Posts
    3,059

    Default

    WOW to those helmet photos.. you are one very lucky young lady!

    You also stated something about an Equisizer... why not tack him up and let him run around in that for a few minutes before each ride?



  14. #54
    Join Date
    Apr. 2, 2004
    Location
    Louisville, KY
    Posts
    3,236

    Default

    First of all, those pictures are EXACTLY what all the people who think they aren't necessary need to see...

    Secondly, the girth was probably fine, it's likely your saddle fit. I rode a pony a million years ago that had no withers and was quite round. No matter how tight I got the girth, the saddle would end up on her neck when she'd get to bucking (which was almost daily)

    And I too often discipline on the way down hahaha. The pony from above, was a terror to her little girl that owned her. Pony was 10.2 hands, and I was 16 and the only "grown person" small enough to get on her. If I'd get on and cowboy her, she'd be an angel for her kid. I was bucked off nearly once a week, simply because my center of balance was so off on something so tiny. One day in particular, she starts bucking, I'm yelling at her. I start to go over her shoulder, like always (she knew how to buck buck buck, then duck her shoulder and spin) and on the way down, I kept hold of the reins, smacked her in the head with my free hand, and got to my feet with reins in hand within second of hitting the ground. When pony realized she was still attached and I was up...well I've never seen pony eyes so big in my life. She met Jesus in that moment...and her attitude was much better after that day... Never again did she try to dump that little girl, or me.
    Strong promoter of READING the entire post before responding.



  15. #55
    Join Date
    May. 12, 2008
    Posts
    386

    Default

    Pacific - I'm very cautious. I did go to the ER and get checked out. Yesterday my ear started hurting a little, felt like an ear infection though. Is that a concussion sign? I did get pronounced 'no concussion' in the ER. No lumps or bumps or bruises on my head either. I actually read a book about the human brain and damage to it at one point (I was sick in bed and in the process of moving, it was the only book I could find. :P). Not sure if it sunk in, LOL.

    Yeah, he has next to no withers.. Here's the culprit, Tango.
    http://i547.photobucket.com/albums/h...o/DSC00292.jpg
    http://i547.photobucket.com/albums/h...o/DSC00294.jpg

    And here's his saddle on his bare back. I'm not sure of anything, but it seems a little narrow maybe? He has never been sore, even with hard currying on his back.
    http://s547.photobucket.com/albums/h...ence713/Tango/



  16. #56
    Join Date
    Oct. 29, 2007
    Location
    TN
    Posts
    1,875

    Default

    I'm glad you're okay! Don't be afraid to call your doctor if your wrist or ear keep hurting bad. If it's something it's better to know early on, if it's nothing you might get some painkillers for it. As for your mom, maybe remind her that all serious athletes incur injuries, regardless of the sport. Gymnasts dislocate things, football players break things, hockey players knock teeth out and horseback riders get dumped on the ground. If you had been playing football for as long and as often as you've been riding, you'd already have broken your nose, fingers, ribs, etc.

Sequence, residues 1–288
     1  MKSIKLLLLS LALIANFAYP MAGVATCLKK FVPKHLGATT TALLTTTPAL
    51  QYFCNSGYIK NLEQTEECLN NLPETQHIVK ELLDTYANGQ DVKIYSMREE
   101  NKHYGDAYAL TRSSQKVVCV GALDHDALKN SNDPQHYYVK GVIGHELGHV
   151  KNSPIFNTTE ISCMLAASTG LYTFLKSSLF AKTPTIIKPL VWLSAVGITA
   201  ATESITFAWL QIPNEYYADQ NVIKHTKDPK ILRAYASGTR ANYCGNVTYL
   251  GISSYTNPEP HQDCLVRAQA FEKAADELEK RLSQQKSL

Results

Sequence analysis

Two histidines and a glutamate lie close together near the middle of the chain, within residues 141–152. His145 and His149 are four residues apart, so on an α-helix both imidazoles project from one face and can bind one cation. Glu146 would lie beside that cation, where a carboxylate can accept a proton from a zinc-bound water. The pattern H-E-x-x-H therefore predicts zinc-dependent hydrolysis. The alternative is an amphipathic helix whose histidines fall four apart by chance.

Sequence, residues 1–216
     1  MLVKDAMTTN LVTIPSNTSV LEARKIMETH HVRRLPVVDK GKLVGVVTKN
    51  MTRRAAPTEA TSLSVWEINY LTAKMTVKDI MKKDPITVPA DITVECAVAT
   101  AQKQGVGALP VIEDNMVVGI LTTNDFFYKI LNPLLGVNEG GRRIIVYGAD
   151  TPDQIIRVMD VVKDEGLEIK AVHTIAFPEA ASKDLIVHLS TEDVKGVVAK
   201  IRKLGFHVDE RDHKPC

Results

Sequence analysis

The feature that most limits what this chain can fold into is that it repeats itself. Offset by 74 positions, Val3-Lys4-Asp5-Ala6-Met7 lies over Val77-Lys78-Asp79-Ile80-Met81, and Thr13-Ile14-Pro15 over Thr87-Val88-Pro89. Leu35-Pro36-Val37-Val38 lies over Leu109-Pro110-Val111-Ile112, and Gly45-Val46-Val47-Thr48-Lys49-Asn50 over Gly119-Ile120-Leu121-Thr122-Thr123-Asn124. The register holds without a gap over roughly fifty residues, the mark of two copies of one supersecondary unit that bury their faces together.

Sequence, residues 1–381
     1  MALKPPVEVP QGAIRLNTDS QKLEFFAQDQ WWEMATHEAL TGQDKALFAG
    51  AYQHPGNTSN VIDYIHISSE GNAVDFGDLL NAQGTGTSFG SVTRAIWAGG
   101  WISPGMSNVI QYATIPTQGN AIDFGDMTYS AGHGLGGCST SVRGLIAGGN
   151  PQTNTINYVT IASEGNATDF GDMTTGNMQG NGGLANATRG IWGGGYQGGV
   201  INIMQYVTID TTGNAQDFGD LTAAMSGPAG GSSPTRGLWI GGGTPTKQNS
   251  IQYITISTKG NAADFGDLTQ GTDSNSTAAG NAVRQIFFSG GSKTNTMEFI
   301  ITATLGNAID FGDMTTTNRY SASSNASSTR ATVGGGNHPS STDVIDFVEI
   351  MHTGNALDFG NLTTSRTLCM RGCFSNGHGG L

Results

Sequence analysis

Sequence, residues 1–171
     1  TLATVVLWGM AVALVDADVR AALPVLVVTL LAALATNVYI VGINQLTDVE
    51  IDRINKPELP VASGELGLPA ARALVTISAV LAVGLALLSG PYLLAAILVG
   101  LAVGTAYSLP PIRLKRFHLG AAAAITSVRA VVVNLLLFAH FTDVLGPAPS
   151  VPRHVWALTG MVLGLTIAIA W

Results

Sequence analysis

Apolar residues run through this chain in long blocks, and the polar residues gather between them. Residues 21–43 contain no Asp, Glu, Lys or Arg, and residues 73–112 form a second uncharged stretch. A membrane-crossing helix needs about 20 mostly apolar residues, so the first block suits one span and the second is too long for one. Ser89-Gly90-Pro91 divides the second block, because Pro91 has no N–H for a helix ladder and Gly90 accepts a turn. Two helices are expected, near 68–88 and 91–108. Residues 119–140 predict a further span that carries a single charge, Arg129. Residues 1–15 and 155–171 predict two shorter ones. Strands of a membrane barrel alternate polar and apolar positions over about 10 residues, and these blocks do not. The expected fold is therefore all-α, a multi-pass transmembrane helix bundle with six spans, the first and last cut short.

"Things turn out best for the people who make the best of the way things turn out." ~John Wooden

    Phoenix Animal Rescue



  17. #57
    Join Date
    Dec. 10, 2004
    Location
    Canada
    Posts
    3,748

    Default

    Holy! That re-affirms my faith that tipperary helmets will crumple on impact. I never could get how that little peice of plastic could do so much.

    Glad you're okay. It looks as if most of that damage was perhaps done AFTER it came of your head. Either way, I can't believe it came off in the first place. It always drives me nuts when I see people with their chin straps around their collar bones. ummmm.. (not saying yours wasn't done up properly).

    I've been trampled and kicked in the head too. My helmet folded in half after that, but it wasn't visually damaged.

    Liking the look of my J3 with the super hard shell even more...

    As for your parents, I still argue with mine about competing and I'm 25. It's a scary thing for parents, all you can do is reassure them that you'll be as careful as possible, like driving a car.



  18. #58
    Join Date
    Oct. 14, 2008
    Posts
    209

    Default How to fall?

    This thread made me wonder what the best way to fall is ( obviously, away from hooves, but how?) I've been riding so long I don't remember being taught how to fall, and I almost never have....(need appropriate icon here for knocking on wood! ) But I'm learning to figure skate now as an adult, and it's the first thing they teach you--fall on your fanny or break your fall with your hands. What's the corollary for riding, other than protect your head and get out of the way of the hooves?

    And of course, always wearing a helmet,every ride, every time. I wanted to wear a helmet figure skating but apparently only toddlers do that....I said if I was taking up figure skating as an adult I obviously didn't care whether I looked stupid or not....I'd rather be safe!



  19. #59
    Join Date
    Oct. 29, 2007
    Location
    TN
    Posts
    1,875

    Default

    Quote Originally Posted by patterson View Post
    This thread made me wonder what the best way to fall is ( obviously, away from hooves, but how?) I've been riding so long I don't remember being taught how to fall, and I almost never have....(need appropriate icon here for knocking on wood! ) But I'm learning to figure skate now as an adult, and it's the first thing they teach you--fall on your fanny or break your fall with your hands. What's the corollary for riding, other than protect your head and get out of the way of the hooves?
    I've been told it's best to tuck and roll, preferably away from the hooves.
    "Things turn out best for the people who make the best of the way things turn out." ~John Wooden

    Phoenix Animal Rescue



  20. #60
    Join Date
    Apr. 6, 2006
    Posts
    3,023

    Default

    Holy SH*T! I will and never have second guessed wearing mine! Ive been stepped on, kicked in the head, smashed into the wall of an indoor head first (bit through my bottom lip completely), and most recently Ive been flipped over on top of. That last incident was a complete accident. Horse was cantering around nicely, tripped hard, couldnt get his feet back under him and went right over (ass of head) ontop of me. Crushed the entire brim of my helmet. it was all bent. Gave me a black eye and made me quite dazed. Pony had a bloody and scraped up nose.

    I will never get on a horse with out a helmet. glad you ended up OK